Infective arthritis may represent a direct invasion of joint space by various microorganisms, including bacteria, viruses, mycobacteria, and fungi. Reactive arthritis, a sterile inflammatory process, may be the consequence of an infectious process located elsewhere in the body. Although any infectious agent may cause arthritis, bacterial pathogens are the most significant because of their rapidly destructive nature. For this reason, the current discussion concentrates on bacterial septic arthritides. Failure to recognize and to appropriately treat septic arthritis results in significant rates of morbidity and may even lead to death.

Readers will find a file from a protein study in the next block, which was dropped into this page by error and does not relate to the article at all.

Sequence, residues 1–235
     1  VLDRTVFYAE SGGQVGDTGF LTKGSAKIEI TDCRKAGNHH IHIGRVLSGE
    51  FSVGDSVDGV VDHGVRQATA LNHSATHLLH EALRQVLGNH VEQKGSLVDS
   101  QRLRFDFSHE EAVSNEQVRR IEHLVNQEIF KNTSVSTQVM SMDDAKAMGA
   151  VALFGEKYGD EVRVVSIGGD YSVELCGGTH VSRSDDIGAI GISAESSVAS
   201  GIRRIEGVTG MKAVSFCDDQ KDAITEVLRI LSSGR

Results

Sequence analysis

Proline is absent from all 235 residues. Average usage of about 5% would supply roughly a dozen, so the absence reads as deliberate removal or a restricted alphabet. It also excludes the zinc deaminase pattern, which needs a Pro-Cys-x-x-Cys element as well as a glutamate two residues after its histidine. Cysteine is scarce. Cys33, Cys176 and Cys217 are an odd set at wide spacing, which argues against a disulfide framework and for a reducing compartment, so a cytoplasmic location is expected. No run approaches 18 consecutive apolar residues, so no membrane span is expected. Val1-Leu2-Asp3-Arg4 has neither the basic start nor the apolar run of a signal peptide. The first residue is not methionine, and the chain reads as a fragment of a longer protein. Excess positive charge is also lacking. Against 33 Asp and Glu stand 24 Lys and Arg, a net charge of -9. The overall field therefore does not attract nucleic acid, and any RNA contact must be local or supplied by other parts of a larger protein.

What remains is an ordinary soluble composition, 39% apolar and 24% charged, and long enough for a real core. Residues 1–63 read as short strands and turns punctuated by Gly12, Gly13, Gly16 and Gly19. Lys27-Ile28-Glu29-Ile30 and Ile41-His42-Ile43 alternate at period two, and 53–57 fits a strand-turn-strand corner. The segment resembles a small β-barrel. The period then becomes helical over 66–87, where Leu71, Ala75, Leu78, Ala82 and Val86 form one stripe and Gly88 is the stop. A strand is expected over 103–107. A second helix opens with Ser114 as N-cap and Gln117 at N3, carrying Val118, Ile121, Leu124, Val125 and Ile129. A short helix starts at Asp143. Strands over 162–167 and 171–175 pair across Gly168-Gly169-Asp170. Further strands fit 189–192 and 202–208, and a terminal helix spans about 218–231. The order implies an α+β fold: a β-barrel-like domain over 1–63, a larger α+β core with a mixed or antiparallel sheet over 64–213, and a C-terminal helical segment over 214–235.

Because of the increasing use of prosthetic joints, infection associated with these devices may be the most common and challenging type of septic arthritis encountered by most clinicians.
Synonyms and related keywords:
reactive arthritis, inflammatory arthritis, bacterial septic arthritides, bacterial septic arthritis, suppurative arthritis, Neisseria gonorrhoeae, N gonorrhoeae, Staphylococcus aureus, S aureus, Streptococcus viridans, S viridans, Streptococcus pneumoniae, S pneumoniae, group B streptococci, crystalline arthritis, Lyme disease, Lyme arthritis, prosthetic joint infections, PJI, rheumatoid arthritis
John L Brusch, MD 2006